Glock GL23 .40 S&W
The .40 S&W is the leading round chosen by todays local and federal law-enforcement professionals. Compact .40s (3.5- to 4.25-inch barrels) bridge the gap between plainclothes duty and civilian concealed carry, and of these, the lightweight plastic pistols lead the way. And the Glock line of pistols is perhaps synonymous with the word polymer.
In this report we take a look at the .40-caliber compact model from Glock, the GL23.
The 4-inch-barreled GL23 is still the mid-sized .40 S&W in the Glock lineup. Its the choice of many law enforcement agencies as well as legions of civilians licensed for concealed carry. Recent changes include finger grooves on the front strap with sections of checkering molded in. The texture of the side panels has not changed much, but there is an indentation for the thumb on each side. The rear of the grip is contoured with a mild palm swell.
The magazine release is more pronounced than it was on the original design, and a utility rail with Weaver style cut is molded into the dust cover. Perhaps the biggest news is the pleasing case the pistol arrived in instead of the old Tupperware design. It is unique, not a Doskocil or an aluminum attaché, but a simple, functional case that displays the Glock logo in a modern-art motif.
Our fixed-sight model had a wide, stubby front blade with a big white dot. The rear notch was lined in white. The only manufacturing flaw we found on our GL23 was a burr on the left stanchion of the rear sight. We chose not to cut or file it away, preferring to send it back after our tests for warranty repair. We find it hard to say whether or not this imperfection affected our ability to shoot accurately.
The major reasons Glock pistols have been so successful are their affordable price, durability and simplicity of operation. Early demonstrations featuring the original 9mm GL17 included burying the gun in mud, freezing it, and even dropping it hundreds of feet from a helicopter, after which (of course) the gun functioned perfectly.
Because our Blackhawk helicopter was in the shop and we couldnt repeat the aerial drop tests, we chose instead to plink with our Glock and also shoot it for groups at 25 yards. That type of shooting taught us plenty about this latest model. There were no malfunctions, but our choice of ammunition taught us a few things about this weapon. The lightest of our trio at 26 ounces, the GL23 produced the most felt recoil. We enjoyed shooting the Winchester USA 165-grain FMJ rounds the best, and the Glock agreed, giving its best performance with that ammo. Groups averaged 2.6 inches. Winchesters new 180-grain Q-load ammunition was second best, averaging just under 3 inches. (The new 180-grain Q load now has the same truncated-cone profile as Winchesters 165-grain version.)
Actually, we were not surprised at the performance of this pistol with the 165-grain bullet because we know some federal agencies specify this bullet weight and profile for their official ammunition, in the form of Federals 165-grain Hydra-Shok JHP. That ammo is shaped much like Winchesters.
We also tried a frangible SWAT round from MagSafe. This was a high-velocity (2,224 fps), low-payload (46-grain), epoxy-sealed, jacketed round that proved surprisingly docile to shoot. We did not try gelatin expansion tests, but our paper targets, mounted on corrugated cardboard backers, were noticeably more disrupted by the MagSafe rounds than by any of the other jacketed rounds.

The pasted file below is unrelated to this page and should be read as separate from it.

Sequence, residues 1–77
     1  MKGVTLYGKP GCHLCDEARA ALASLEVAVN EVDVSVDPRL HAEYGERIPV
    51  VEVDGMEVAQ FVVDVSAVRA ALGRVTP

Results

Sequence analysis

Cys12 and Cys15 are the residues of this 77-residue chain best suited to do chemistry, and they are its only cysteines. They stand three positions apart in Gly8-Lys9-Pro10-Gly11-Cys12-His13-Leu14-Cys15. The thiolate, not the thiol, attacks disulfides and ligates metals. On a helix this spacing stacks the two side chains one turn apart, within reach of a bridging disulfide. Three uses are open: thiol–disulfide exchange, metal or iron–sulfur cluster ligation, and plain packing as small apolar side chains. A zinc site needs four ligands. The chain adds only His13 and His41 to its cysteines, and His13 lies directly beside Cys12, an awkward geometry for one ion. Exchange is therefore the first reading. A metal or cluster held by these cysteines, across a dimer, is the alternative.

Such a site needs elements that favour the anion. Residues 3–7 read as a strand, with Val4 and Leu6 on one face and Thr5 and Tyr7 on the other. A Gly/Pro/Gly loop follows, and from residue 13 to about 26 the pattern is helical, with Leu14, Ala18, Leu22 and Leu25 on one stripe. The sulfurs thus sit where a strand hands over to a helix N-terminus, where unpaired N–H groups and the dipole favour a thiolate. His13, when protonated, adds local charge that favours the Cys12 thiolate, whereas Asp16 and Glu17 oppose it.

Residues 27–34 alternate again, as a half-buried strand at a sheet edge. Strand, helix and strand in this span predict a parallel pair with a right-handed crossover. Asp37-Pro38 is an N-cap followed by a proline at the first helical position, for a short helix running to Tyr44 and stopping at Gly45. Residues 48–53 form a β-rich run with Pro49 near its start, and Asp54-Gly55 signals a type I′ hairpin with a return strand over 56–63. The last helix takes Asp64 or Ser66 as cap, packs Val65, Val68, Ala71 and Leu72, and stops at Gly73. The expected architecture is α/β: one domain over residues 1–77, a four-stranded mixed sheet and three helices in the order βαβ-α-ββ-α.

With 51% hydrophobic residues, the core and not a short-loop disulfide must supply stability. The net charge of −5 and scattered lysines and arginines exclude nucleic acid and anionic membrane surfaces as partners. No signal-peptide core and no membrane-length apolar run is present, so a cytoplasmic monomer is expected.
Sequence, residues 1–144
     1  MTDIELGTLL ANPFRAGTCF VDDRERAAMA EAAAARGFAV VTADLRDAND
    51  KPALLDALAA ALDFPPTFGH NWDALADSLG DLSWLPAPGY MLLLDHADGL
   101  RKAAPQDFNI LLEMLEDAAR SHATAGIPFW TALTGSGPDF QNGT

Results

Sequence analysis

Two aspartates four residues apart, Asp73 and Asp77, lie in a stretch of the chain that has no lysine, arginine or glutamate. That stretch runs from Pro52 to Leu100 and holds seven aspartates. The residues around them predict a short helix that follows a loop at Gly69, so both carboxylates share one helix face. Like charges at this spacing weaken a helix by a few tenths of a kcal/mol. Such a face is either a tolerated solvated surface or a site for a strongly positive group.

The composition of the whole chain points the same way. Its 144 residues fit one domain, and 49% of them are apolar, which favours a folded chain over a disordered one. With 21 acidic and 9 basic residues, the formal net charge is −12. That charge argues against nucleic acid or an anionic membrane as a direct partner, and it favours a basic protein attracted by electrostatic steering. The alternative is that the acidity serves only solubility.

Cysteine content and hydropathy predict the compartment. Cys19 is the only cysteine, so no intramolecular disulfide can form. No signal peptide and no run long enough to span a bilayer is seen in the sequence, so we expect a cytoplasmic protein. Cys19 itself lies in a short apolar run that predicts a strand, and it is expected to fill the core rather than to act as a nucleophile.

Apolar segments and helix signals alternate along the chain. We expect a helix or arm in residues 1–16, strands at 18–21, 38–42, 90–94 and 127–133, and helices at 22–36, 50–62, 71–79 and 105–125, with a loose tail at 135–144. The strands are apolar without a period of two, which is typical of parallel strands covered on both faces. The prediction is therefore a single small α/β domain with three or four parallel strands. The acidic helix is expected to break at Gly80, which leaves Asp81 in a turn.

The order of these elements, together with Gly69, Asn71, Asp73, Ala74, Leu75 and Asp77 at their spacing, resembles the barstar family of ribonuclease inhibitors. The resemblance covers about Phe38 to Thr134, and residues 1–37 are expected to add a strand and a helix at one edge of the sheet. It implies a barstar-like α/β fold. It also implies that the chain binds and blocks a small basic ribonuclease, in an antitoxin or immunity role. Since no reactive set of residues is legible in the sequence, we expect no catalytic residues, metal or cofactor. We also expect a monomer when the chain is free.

Average accuracy of the MagSafe load in the Glock was 3.6 inches at 25 yards. Wed have preferred more accuracy, but what we got was acceptable with ammunition designed for close-quarters indoor shooting, where it is preferred that rounds not penetrate sheetrock walls.
There are some caveats in terms of bullet choice for the Glock. Due to the rifling style of the Glock, the use of any sort of unplated lead or cast lead bullets is particularly not recommended. There have been documented cases where the continued use of lead bullets, even hard ones, have caused progressive pressure increases in Glock pistols, and in some cases, caused pistol failures. With that qualifier in mind we decided to try a different MagSafe round. We found MagSafes 84-grain Defender load matched up with our Glock much better. This load gave 1717 fps, and we got 2.2- to 2.7-inch groups at 25 yards with complete reliability. Recoil was not as mild as with the 46-grain SWAT load, but was perceptibly less than that of the Winchester 180-grain Q-load.
What is it about the Glock that leaves the door open for competitors? The perceived safety issue , for one. The perceptionhowever faulty that merely touching the trigger, with no intermediate step, will cause the gun to fire has been a commonly heard complaint about the Glock. (Why we never hear this very same complaint lodged against the double-action revolver is a mystery.) Yet this is not quite a true picture of the Glocks so-called SafeAction system. The Glock has a lever in the middle of its trigger face that has to be depressed before the gun can fire.
But there is no chamber-loaded indicator and no visual cue to let someone know the gun is cocked and ready for fire. Those characteristics are part and parcel of Glocks desired level of simplicity. However, the Glock system is disliked by those who commonly fail to follow safe gun-handling practices, and who fail to treat all guns as if they are loaded, or who touch the trigger when they are not ready to shoot. One way the Glock pistols have been made more safe is by the addition of a heavier trigger. Our GL23 did not include this extra-heavy New York trigger that supposedly lowers the possibility of an accidental discharge. In our view, the Glock GL23 offered fast, consistent firepower that should be treated with all the respect due any working firearm.